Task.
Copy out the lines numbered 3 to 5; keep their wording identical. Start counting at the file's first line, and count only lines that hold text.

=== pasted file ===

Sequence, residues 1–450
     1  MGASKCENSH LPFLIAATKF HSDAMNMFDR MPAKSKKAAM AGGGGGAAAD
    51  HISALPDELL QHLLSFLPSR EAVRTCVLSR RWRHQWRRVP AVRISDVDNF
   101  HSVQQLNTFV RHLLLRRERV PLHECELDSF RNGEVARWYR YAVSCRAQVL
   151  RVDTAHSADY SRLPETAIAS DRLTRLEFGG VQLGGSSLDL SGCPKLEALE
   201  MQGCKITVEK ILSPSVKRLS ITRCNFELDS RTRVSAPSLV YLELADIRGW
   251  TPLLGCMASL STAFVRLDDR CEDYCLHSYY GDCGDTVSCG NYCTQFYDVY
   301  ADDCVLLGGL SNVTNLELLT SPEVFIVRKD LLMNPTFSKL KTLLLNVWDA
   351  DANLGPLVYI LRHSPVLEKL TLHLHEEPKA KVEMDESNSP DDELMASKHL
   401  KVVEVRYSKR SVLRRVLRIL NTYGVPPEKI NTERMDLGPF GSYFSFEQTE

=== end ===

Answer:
    51  HISALPDELL QHLLSFLPSR EAVRTCVLSR RWRHQWRRVP AVRISDVDNF
   101  HSVQQLNTFV RHLLLRRERV PLHECELDSF RNGEVARWYR YAVSCRAQVL
   151  RVDTAHSADY SRLPETAIAS DRLTRLEFGG VQLGGSSLDL SGCPKLEALE